Required components for using a web-based point of sale | Acro Media
Mike Hubbard


Mike Hubbard

, Front End Lead, Developer

Posted in Digital Commerce, Drupal

July 23, 2018

Required components for using a web-based point-of-sale system

If you’re looking to add a point-of-sale (POS) system to your business or change your current one with something different, you probably want to understand your options. A POS system lets you receive payment from customers in person (i.e. in a physical location as opposed to online). Many retailers are moving to cloud-based POS (cloud POS). This article aims to explain what a web-based POS is and the components required for using it.

Traditional POS vs. web-based POS

A traditional point of sale, also known as on-premise or server-based POS, is a self-contained system that consists of a hardware and software component. The hardware may be included in the package, but some systems let you use your own. The software usually has a licensing fee, and you must install it on your system or servers. If there is no license, normally, you never need to update the software. However, you must pay for the updated version if you want updated features. These systems often require a dedicated IT person to maintain them. A traditional POS typically doesn’t integrate well with an ecommerce store, and you will need to maintain separate user accounts and inventory for your online and offline store.

A web-based point of sale is connected to the internet and generally has all (and more) of the features of a traditional POS, with the exception being that now you don’t necessarily need traditional POS hardware and you can now sync your user accounts and inventory between your online and offline stores. You can also take your system with you wherever you go, opening up the opportunity to use the same POS system in a mobile fashion. Web-based POS software is generally always up-to-date or much easier to update than a traditional system. You normally get a detailed reporting suite that analyzes your store. If the internet goes down, many web-based POS systems can still track sales and sync them once it comes back up.

Web-based POS hardware

What hardware typically makes up a POS system? While you don’t need everything here, the hardware you typically might find in a store is:

  • Cashier terminal
  • Card reader (for card payment processing)
  • Cash drawer
  • Receipt printer
  • Barcode (UPC) scanner
  • Barcode printer
  • Customer-facing display

Web-based POS solutions are made to integrate with these hardware components. Some services may have a complete package you can buy, but you can use whatever hardware you want in most cases. Unlike traditional POS systems, a web-based POS terminal can typically run on ANY device connected to the internet. You can use a computer, tablet or phone as a cashier terminal. Breaking free from the traditional sense, you can set up self-serve kiosks that let the customer purchase your offerings without talking to your staff. You see this more and more for movies and event tickets. Self-checkout lanes are increasingly popping up in large department stores and grocery stores. Web-based POS can let businesses large and small handle these situations.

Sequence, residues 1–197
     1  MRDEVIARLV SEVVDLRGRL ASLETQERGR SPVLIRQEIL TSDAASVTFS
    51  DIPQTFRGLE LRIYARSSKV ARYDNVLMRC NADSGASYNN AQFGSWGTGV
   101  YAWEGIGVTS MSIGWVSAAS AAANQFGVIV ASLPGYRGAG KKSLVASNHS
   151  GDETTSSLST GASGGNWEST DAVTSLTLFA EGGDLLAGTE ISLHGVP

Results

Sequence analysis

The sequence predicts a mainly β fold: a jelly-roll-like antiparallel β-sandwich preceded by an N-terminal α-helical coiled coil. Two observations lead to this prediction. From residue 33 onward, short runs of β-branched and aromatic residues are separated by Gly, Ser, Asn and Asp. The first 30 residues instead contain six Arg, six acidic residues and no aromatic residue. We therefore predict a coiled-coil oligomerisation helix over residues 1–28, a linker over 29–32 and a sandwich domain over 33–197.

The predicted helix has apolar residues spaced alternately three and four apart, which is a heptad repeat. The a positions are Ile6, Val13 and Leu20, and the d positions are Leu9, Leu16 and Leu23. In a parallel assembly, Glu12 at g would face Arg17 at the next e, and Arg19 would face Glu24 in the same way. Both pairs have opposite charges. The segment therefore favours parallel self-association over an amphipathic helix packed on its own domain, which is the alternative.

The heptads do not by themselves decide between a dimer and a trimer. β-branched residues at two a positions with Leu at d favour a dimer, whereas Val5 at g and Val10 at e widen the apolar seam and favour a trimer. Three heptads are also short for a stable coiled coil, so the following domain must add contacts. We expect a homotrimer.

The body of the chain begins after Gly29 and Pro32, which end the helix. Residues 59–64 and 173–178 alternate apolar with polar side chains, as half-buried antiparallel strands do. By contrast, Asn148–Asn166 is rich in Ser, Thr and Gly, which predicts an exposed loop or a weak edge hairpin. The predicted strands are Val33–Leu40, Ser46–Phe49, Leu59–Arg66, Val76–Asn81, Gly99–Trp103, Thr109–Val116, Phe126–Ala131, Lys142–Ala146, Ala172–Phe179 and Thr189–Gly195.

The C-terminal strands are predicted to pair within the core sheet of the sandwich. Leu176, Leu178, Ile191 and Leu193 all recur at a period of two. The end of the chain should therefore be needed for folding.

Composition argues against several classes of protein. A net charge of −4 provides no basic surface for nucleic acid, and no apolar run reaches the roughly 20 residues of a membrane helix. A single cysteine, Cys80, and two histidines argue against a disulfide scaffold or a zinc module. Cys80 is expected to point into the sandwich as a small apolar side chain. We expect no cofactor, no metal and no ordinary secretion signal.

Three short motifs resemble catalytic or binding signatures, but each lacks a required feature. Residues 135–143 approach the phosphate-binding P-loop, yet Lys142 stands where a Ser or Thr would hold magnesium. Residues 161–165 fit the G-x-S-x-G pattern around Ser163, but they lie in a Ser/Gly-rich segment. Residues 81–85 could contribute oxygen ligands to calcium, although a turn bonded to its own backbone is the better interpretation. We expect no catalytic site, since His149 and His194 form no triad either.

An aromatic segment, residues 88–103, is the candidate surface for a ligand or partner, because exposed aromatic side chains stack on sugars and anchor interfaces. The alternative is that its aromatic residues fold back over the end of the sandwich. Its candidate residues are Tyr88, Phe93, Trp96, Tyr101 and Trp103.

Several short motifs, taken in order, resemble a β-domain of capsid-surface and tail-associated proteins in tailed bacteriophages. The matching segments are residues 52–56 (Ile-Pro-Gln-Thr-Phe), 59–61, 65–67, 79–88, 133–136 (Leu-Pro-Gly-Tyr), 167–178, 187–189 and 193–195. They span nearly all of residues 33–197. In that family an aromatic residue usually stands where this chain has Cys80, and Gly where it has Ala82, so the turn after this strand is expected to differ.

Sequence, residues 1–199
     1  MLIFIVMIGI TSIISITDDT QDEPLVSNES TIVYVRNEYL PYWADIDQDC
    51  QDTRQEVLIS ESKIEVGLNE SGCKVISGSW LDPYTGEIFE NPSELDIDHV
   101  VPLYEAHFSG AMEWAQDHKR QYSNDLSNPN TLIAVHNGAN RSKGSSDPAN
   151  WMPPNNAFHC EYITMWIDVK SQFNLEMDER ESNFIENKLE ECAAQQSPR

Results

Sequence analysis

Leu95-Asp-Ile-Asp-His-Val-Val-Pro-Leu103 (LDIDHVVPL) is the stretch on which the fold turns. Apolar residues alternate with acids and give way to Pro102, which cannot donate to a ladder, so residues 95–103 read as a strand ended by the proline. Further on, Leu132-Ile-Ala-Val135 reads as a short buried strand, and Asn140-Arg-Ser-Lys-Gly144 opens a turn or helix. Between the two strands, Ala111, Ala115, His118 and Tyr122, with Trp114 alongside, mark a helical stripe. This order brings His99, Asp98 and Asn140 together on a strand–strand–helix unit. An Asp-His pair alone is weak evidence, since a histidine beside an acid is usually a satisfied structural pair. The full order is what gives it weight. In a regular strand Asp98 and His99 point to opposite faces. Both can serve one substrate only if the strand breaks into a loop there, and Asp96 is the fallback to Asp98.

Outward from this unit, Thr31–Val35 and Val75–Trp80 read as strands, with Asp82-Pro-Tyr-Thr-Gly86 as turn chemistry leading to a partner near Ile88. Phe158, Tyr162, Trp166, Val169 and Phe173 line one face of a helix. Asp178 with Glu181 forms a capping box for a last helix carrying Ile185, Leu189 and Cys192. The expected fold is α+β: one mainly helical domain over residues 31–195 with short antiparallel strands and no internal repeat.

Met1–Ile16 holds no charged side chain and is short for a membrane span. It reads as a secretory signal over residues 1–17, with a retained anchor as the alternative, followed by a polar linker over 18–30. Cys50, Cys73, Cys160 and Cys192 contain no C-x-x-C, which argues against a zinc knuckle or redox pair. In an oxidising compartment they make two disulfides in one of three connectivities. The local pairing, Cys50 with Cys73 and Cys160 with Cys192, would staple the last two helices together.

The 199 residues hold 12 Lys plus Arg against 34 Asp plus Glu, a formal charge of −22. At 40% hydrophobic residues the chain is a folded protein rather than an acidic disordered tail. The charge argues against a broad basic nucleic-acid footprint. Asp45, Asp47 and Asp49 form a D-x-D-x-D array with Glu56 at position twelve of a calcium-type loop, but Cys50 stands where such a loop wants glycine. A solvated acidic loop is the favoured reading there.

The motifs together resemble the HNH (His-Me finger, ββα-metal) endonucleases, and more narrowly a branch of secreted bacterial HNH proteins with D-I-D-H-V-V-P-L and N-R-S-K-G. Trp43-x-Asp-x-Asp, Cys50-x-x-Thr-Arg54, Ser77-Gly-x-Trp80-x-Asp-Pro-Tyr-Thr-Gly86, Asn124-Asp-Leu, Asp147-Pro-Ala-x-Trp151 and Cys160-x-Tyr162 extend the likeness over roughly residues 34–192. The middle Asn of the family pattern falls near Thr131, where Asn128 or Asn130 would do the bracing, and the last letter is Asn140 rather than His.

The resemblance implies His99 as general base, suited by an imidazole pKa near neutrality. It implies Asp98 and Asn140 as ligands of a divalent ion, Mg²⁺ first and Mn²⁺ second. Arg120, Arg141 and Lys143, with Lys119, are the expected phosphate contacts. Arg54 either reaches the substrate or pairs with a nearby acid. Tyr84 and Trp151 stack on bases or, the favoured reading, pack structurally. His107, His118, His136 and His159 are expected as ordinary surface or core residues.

As a testament to what you can do with web-based POS, we’ve recently started playing around with low-cost, custom hardware based on the Raspberry Pi. It integrates perfectly with the POS extension for Drupal Commerce, the popular open-source CMS and eCommerce platform. This is how you could make your brand's hardware and/or custom-built kiosk. You can watch a video about it here.

Web-based POS software integrations

From marketing to accounting, many traditional business tasks are moving online. Physical flyers and sale promotions can now be directly sent to interested customers via email marketing services like MailChimp. You can get rid of that old filing cabinet and replace it with online accounting and bookkeeping services like Quickbooks Online. These services aim to make it faster and easier to run your business by automating common tasks. A good web-based POS should be able to integrate with these systems.

Using Drupal Commerce again as an example, integration for Drupal Commerce has been built for both services mentioned above. With Drupal Commerce, you can run your online store(s) and your offline store(s), capture email marketing lists of your customers and automate your bookkeeping for ALL stores. For your online store, you can configure MailChimp to send specific promotions to customers who have abandoned their cart.

If you think of the time saved by automating your bookkeeping and the additional revenue you could make by capturing some of those abandoned carts, these things can be a BIG DEAL for your overall business! And this is just a to name a few. Depending on your web-based POS and your store platform, the integrations that have been made (and could still be made) are wonderful.

Which web-based POS system is right for you?

Need help understanding what point of sale system would work best for your business? We can help you out. Contact us today to speak with one of our business developers.